Hard-Liners in Iran Worry About U.S. Influence in Iraq

Times Staff Writer

Reformist allies of Iranian President Mohammad Khatami said powerful hard-liners have grown increasingly anxious about the possibility of an American-led transitional government in Iraq.

"Hard-liners want to provoke the United States against Iran," a senior Iranian official said. "If the Americans start seriously threatening Iran, that gives them an excuse to crush reforms."

Iran already has begun to take steps to exert political and possibly military influence in Iraq by focusing on exiled Iraqis based in Iran.

Concerned that its sway over two leading Iraqi opposition groups is insufficient, Tehran is providing cash and arms to members who break away, opposition sources say.

Those who have split from the ranks of the two main Shiite groups opposed to Saddam Hussein's regime -- the Supreme Council for Islamic Revolution in Iraq and Al Dawa -- are now training in independent military camps in a northern province of Iran, the sources said.

"The political faction in Iran that wants to interfere in Iraq is afraid of what lies ahead and is preparing itself for future contingencies," said one well-placed opposition source.

Whether Iran uses the newly established Iraqi factions as proxies inside Iraq may depend on Shiite representation in a transitional government. Shiite Muslims make up the majority in Iran as well as Iraq.

It will also depend on how seriously Washington reacts to Iran's attempts to flex its muscle.

"The United States and Britain will watch this very closely," said a diplomat in Tehran. "There will be a very high level of concern if Iran begins to meddle in its neighbor's affairs."

Iraqi opposition sources said that influential Iranians who oppose the relatively free rein that the Iranian government has granted the Supreme Council for Islamic Revolution in Iraq have provoked a split in the Badr Brigade, the group's military arm.

A former high-ranking member of the Iraqi exile group, Abu Mahdi Mohandes, and a group of fighters from his hometown of Basra, left the Badr Brigade to train independently in a camp in the province of Kermanshah.

"Everyone wants a share in Iraq's liberation," said Sheik Ibrahim Hammoudi, a senior advisor to supreme council leader Ayatollah Mohsen Hakim. Hammoudi confirmed the split but downplayed the military potential of the severed faction.

He said that Mohandes has also gathered supporters from Iraqi refugees living in camps inside Iran, and that he seeks to return to Iraq and control an area of the south.

"The Iranian government doesn't support this," he said, "but some influential people within Iran who have a personal interest in the situation do."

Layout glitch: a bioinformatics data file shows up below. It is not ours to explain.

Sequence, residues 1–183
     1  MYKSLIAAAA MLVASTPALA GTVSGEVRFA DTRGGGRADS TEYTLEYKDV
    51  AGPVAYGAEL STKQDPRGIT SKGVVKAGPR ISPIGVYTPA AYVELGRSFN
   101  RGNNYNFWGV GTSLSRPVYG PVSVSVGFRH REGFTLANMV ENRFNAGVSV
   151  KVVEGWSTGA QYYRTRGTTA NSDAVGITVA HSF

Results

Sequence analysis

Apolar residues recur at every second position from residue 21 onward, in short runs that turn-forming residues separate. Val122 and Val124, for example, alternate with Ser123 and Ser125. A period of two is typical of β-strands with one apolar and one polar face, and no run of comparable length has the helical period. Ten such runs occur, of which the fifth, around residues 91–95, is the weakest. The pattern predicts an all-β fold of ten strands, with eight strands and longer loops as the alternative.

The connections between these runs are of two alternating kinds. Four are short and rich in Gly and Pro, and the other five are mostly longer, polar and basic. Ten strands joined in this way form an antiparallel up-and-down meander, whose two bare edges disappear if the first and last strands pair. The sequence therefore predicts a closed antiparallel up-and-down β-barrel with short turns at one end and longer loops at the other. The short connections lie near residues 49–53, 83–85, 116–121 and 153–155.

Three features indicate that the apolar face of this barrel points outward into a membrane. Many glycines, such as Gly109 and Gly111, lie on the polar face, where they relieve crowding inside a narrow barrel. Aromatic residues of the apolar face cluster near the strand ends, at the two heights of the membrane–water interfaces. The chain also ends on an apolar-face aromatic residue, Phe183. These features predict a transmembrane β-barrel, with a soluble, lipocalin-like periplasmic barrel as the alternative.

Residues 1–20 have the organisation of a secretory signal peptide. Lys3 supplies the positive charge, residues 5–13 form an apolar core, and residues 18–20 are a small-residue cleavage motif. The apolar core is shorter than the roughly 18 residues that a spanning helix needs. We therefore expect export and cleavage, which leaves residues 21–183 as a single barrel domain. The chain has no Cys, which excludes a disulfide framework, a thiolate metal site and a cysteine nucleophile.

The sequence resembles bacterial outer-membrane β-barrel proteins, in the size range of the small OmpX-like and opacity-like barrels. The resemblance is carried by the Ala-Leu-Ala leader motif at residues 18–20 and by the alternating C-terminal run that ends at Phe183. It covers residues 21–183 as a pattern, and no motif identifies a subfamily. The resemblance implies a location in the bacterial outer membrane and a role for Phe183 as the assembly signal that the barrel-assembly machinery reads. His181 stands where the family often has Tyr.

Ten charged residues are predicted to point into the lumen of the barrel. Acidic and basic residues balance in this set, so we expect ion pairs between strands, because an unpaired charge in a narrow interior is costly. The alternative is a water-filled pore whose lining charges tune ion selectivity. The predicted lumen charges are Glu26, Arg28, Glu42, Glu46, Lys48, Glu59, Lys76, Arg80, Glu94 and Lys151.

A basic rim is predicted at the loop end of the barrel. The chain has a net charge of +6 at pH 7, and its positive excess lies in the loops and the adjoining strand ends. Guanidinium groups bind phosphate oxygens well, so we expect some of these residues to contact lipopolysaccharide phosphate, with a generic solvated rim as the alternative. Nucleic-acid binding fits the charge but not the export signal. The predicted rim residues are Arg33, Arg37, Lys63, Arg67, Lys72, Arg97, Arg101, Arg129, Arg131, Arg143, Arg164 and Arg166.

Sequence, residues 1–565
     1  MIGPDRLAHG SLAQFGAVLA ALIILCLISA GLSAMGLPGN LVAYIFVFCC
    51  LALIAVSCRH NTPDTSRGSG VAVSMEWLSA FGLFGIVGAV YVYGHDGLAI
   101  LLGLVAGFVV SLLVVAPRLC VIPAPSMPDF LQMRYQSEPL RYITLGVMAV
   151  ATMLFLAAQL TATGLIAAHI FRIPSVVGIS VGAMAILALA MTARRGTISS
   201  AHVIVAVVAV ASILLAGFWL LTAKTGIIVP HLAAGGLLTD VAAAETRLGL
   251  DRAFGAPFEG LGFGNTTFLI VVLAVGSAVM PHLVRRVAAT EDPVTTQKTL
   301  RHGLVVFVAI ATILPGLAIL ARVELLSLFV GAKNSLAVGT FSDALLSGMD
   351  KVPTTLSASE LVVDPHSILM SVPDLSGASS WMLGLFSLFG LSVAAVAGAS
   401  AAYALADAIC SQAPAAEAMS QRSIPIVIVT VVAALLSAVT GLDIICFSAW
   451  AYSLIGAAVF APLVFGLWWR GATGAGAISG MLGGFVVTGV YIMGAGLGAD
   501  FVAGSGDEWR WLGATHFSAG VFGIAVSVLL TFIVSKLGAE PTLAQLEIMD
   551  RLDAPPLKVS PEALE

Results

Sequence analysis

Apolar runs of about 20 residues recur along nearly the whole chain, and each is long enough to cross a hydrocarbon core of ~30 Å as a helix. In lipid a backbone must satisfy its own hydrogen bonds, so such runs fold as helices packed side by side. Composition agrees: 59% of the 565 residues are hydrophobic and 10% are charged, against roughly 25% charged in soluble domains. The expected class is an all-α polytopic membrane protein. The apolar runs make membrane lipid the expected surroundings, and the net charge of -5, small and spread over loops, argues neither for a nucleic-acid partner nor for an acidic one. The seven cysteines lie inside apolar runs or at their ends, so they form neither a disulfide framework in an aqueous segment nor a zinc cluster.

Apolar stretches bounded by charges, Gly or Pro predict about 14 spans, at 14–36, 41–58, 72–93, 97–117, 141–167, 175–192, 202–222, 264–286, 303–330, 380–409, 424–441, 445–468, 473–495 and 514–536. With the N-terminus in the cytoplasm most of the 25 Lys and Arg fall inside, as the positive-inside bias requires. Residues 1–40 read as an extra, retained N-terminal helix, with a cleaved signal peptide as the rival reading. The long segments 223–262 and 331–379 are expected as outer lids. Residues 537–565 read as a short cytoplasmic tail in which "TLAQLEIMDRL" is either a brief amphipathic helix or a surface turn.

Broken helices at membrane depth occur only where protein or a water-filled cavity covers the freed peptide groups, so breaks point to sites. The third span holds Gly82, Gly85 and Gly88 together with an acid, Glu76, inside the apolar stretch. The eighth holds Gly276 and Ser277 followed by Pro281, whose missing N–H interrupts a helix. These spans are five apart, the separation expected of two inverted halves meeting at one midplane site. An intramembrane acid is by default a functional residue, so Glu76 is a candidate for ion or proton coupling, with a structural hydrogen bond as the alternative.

The same Iranian figures have also provoked a rift in Al Dawa, another Shiite opposition group based in Iran that has traditionally retained its distance from the Iranian government.

The splintered camp is reportedly undergoing military training at a camp in Ahvaz and is composed of more militant Iraqis willing to use violence to achieve their political objectives.

The mainstream branch of Al Dawa opposes American leadership of postwar Iraq, but has been explicitly moderate in its opposition.

"We will not take a unilateral political stance," said Abu Bilal al Adib, a senior member of Al Dawa in Tehran, "and we will keep talking with everyone concerned in ways that do not endanger the interests of the Iraqi people."

Iran is also seeking to resurrect the Iraqi Hezbollah, a once-influential party in Iraq that has been inactive for years, said opposition sources. Ala Salmanian, who served in the Iranian Revolutionary Guards, is in charge of the effort.

"Their activities aren't really clear, but they have emerged again politically," said a senior opposition member.

These developments are not yet circulating widely in Tehran, but analysts say they would be in character with Iran's record as well as its desire to undermine the allies' presence in Iraq.

During the U.S. campaign in Afghanistan, American intelligence reported that Iranian agents, exploiting the lawlessness of the immediate period after the fall of the Taliban, threatened and bribed local leaders with the aim of weakening American influence in the country's provinces.

Iran has generally been helpful to the U.S. in its campaign to depose Hussein by downplaying American violations of its territory and airspace in the course of military operations, and by preventing Iraqi opposition members from entering Iran.

Iran, for its part, has been grateful to the allies for targeting the Iraq-based Iranian opposition group Moujahedeen Khalq -- considered a terrorist organization by Washington. Allied forces have attacked several of the group's bases in Iraq, a senior Iranian official said.

Britain has also assisted Iran in recovering the remains of Iranian soldiers found in southern Iraq who had been killed during the Iran-Iraq war of the 1980s.

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